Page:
What we all know is that if we carry on doing exactly what we are doing now, which by and large meets the needs of those of us who gather here for worship and nurture, we will continue to have the same results in relation to attracting others to join us, which has by and large been no results.  But the good news is that although we know that we need to continue to think, and plan, and act strategically, we also thankfully know that what we need to do to grow here is not simply to develop a great master business plan of changes for the future.  Because we are not a business or a membership society, we are a part of God’s Church, the Body of Christ.

In that regard I am greatly encouraged, and I hope that you are too, by the simple reality that the men to whom Jesus spoke in the fishing boats in our Gospel reading today had no idea whatsoever how to grow a Church, or gather people for worship and teaching – they were uneducated, probably largely unreligious fishermen.  So we might well ponder what changed them, from the fishermen in the story today, into the first leaders and participants in the earliest Christian communities, that grew so phenomenally that the Church that they led ended up having a presence in almost every community of the world?  If we were going to summarise in the most basic way what effected the change in them, we might say that they went from being fishermen, to being disciples who hung around with Jesus.

So what will our future be like here at St Peter’s? None of us can know the answer to that question.  But I want to say to you as clearly as I can, that I believe that the mark of a healthy Church is that its members grow both spiritually, and numerically.  In other words, healthy churches are made up of people who expect to be growing within themselves, and expect others to join them to become a part of that growing too.  I do believe that we can grow in both of those ways.  I would not have come here to be your parish priest unless I believed that God both calls us to grow, and will enable us to grow.  I do not say that because I think that I can grow the Church, or because I think that any special gimmick or promotion will do it for us, but just like the first disciples of Jesus that we are focusing on from our Gospel reading today, I believe that this Church will grow, if those of us who are here, continue to take seriously the call first to draw closer to being with Jesus as his disciples.  Which is really what our Lent programme for the coming six weeks is all about.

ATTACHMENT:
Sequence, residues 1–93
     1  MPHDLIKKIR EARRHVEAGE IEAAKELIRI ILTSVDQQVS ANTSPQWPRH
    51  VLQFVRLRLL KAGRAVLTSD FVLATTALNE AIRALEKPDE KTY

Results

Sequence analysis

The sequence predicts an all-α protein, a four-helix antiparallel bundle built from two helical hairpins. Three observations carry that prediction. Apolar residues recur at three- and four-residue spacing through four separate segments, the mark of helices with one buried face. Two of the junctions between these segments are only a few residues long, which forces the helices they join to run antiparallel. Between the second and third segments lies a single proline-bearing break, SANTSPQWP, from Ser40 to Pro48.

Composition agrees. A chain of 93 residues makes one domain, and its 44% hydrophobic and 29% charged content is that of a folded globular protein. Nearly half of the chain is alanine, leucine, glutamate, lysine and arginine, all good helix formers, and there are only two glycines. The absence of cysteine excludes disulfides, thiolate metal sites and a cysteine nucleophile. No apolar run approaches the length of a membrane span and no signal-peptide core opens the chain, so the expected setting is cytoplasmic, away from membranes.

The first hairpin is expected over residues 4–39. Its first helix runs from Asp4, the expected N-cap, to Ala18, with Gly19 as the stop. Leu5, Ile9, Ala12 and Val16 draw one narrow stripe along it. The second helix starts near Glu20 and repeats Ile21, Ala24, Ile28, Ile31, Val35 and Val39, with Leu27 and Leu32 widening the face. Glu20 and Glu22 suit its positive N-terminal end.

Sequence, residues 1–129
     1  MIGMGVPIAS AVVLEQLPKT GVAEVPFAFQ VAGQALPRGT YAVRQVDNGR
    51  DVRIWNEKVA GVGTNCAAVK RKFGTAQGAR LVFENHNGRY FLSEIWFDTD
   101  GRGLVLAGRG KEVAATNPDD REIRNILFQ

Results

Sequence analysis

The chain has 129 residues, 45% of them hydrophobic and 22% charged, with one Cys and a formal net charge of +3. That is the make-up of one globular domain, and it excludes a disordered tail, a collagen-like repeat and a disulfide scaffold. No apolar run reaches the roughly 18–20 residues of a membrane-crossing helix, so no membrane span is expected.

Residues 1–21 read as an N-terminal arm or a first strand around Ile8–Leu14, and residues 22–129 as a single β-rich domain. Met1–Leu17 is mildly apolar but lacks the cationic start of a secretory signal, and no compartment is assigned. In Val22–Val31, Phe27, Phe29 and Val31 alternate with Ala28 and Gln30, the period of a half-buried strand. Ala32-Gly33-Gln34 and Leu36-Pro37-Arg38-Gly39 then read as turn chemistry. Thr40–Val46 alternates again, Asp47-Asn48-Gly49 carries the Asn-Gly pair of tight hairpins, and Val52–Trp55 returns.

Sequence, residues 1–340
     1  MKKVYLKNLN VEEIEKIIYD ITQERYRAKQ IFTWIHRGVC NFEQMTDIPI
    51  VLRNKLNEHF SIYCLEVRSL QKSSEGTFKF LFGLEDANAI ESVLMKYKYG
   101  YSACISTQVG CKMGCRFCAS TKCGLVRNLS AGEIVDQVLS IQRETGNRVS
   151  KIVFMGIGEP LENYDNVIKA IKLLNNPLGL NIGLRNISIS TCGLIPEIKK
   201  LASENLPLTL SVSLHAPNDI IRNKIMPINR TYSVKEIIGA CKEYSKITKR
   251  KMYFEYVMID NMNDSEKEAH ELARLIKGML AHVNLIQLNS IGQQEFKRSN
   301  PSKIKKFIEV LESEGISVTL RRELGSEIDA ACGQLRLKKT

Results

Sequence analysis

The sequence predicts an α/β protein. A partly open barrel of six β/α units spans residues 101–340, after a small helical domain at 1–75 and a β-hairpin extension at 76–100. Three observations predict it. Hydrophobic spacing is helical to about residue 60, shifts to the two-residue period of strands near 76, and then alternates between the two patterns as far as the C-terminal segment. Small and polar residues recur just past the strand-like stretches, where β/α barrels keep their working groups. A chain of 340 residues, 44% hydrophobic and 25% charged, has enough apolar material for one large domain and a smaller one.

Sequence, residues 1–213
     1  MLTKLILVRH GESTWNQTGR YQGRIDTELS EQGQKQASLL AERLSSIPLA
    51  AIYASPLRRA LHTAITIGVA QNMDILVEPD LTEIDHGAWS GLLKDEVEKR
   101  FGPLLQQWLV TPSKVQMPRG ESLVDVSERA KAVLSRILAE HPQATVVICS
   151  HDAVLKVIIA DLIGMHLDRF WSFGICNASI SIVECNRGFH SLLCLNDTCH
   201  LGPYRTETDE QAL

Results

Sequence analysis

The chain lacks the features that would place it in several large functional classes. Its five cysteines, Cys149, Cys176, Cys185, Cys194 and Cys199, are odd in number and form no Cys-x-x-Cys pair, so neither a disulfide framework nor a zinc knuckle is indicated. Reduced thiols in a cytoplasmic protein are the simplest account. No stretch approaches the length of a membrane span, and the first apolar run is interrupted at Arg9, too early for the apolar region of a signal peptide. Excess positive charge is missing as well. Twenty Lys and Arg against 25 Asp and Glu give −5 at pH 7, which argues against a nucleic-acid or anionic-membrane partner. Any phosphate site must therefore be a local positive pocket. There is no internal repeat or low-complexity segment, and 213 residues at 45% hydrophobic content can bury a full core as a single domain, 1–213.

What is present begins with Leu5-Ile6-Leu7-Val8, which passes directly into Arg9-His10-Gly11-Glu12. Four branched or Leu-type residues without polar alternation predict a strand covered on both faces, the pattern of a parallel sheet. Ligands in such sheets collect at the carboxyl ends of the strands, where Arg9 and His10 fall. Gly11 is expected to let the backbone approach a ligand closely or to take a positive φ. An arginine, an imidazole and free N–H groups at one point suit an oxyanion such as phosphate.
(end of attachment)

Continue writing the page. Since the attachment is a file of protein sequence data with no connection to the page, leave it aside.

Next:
The Anglican Church teaches that we draw closer to Jesus, through prayer and worship, through reading the Bible and through receiving the sacraments; doing all of those things with one eye on what the Church has taught through the centuries, and the other eye on what we can learn from the world around us.  This Lent we are providing opportunities here for all of us to do exactly that.  You will have seen already in the leaflet that describes the opportunities ahead of us,  that during the next six weeks there will be special times, in addition to our weekend worship, for us to focus on being with Jesus – in our lives, in his Word, and in our Church.

Firstly, by gathering together at one of the three Eucharists on Ash Wednesday, when we begin Lent in prayer together, either during the day when I will preside or in the evening when Fr Wilf will preside at the Sung Eucharist.  Secondly, by joining us on the five Monday evenings that follow, when we will be hearing afresh the story of Jesus, and reflecting upon it together.  Thirdly, on one of the week days during Lent when you can come to pray in the Church at Morning or Evening Prayer, or participate in a simple short Eucharist to deliberately and intentionally draw closer to Christ.

From  Ash Wednesday onwards we will be celebrating the Eucharist every day in the Church during Lent alongside our normal services of Morning and Evening Prayer.  I am delighted that Fr Wilf and Fr Rod and Fr Peter Rothnie who is with us from Murrurundi, will be presiding at Eucharists during each week with me.  I say all of this today, because Ash Wednesday is this Wednesday, and by this time next week you will have missed the opportunity to be part of the start of Lent with us.  So please read carefully what we are planning, and decide prayerfully the commitment that you will make to join us in our Lenten discipline this year.

In our Gospel reading today, Jesus calls those simple fishermen to share with him in the task of building his Church.  It was only after they had spent time with Jesus as his disciples that they were able to do what he had called them to do.  This Lent we have a number of opportunities to consciously and deliberately draw closer to Jesus as well.